Wien Energie gets on the blockchain

Austria’s largest utility company, Wien Energie, has launched a pilot to test blockchain for gas trading.
Published: Wed 22 Feb 2017

So far blockchain is being pioneered as a potential platform for energy trading at the peer-to-peer and community levels. But Austria’s largest regional utility, Wien Energie, is now taking the concept a step further with a pilot that envisages gas trading at the international level.

In partnership with the Canadian blockchain startup BTL Group, Wien Energie is undertaking a three month pilot “to build up know-how in the blockchain area with our partners and test the new technology for its opportunities and benefits,” says Peter Gönitzer, Managing Director of Wien Energie in a statement.

“We also want to analyse how new business models can result from this. Through different experimental arrangements with the technology, new insights into the use of blockchain in the energy business will be gained and possible process optimisation and cost savings will be explored.”

The pilot is also supported by global consultancy firm EY, which will evaluate the solution.

Interbit trading platform

Unlike the majority of energy sector blockchain initiatives, such as LO3 Energy’s Transactive Grid on the Brooklyn microgrid in New York and Electron’s meter registration platform in UK, which are based on the open source Ethereum blockchain platform, BTL’s platform, named Interbit, is a proprietary “blockchain based interbank payment network and settlement and asset trading solution.”

The solution was designed from the ground up with enterprise clients in mind, according to BTL’s website, which states: “Interbit is an open, multi-chain, asset settlement platform with a suite of APIs and smart contracts that allow businesses from across the world to provide global access to fast, secure, and auditable financial and asset trading services.”

BTL’s entry to the energy space occurred last year, when the company was selected by EY to participate in the Startup Challenge 2016, which was focused on building prototype blockchain solutions for energy trading as well as digital rights management.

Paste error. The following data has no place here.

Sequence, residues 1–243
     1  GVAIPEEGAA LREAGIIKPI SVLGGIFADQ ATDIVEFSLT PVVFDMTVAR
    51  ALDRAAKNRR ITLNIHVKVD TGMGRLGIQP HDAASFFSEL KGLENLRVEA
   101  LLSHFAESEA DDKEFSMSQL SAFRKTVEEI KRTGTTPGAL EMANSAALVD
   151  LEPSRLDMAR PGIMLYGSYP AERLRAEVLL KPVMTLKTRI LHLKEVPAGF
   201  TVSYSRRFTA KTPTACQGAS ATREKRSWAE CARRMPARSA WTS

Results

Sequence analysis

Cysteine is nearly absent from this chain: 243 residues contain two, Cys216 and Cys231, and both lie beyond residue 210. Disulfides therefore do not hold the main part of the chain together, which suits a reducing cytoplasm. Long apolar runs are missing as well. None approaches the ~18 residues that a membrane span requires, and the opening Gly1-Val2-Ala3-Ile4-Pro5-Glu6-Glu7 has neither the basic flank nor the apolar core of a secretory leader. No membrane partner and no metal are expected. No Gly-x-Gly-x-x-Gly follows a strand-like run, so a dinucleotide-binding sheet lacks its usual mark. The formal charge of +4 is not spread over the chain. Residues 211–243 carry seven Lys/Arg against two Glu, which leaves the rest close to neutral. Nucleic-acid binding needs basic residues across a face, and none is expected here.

That activity resulted in the development of an advanced ETRM (Energy Trading Risk Management) application. In January BTL reported the completion of a pilot project with a “leading, global energy company”, including the development of “internal use cases for blockchain solutions in the client’s oil and energy trading division.”

According to a statement from BTL, the goal of the project with Wien Energie is to demonstrate how the Interbit technology can significantly drive down costs associated with energy trading.

“The experience and expertise we expect to acquire from this pilot will be in addition to the knowledge we have obtained from our past work with leading energy companies,” says Guy Halford-Thompson, CEO and co-founder of BTL. “By commencing this project we are one step closer to live application of Interbit in the energy sector.”

Other sectors on which BTL is focusing are finance and gaming.

Wien Energie blockchain - energy trading

With this and the other blockchain developments in the energy sector it is clear that the technology has great potential in the market.

"The energy industry should actively deal with blockchain technology,” says Andreas Freitag, Manager at EY Austria. “The impact on existing processes and markets could be enormous. Now is a good time to test the technology and adjust the company to the upcoming changes. This project will help the energy industry to get to know the technology and assess its future potential even better."

Wien Energie’s Chairman, Michael Strebl adds that blockchain technology is a further digitisation trend in the energy industry. “As Austria’s largest energy service provider, we want to actively make use of the technology and its opportunities for our customers and us.”

Wien Energie supplies electricity, natural gas and heat to more than two million people and around 0.23m commercial and industrial and other customers in Vienna, Lower Austria and Burgenland.

The pilot project is expected to run from March to May 2017, after which further commercial strategies will be assessed.

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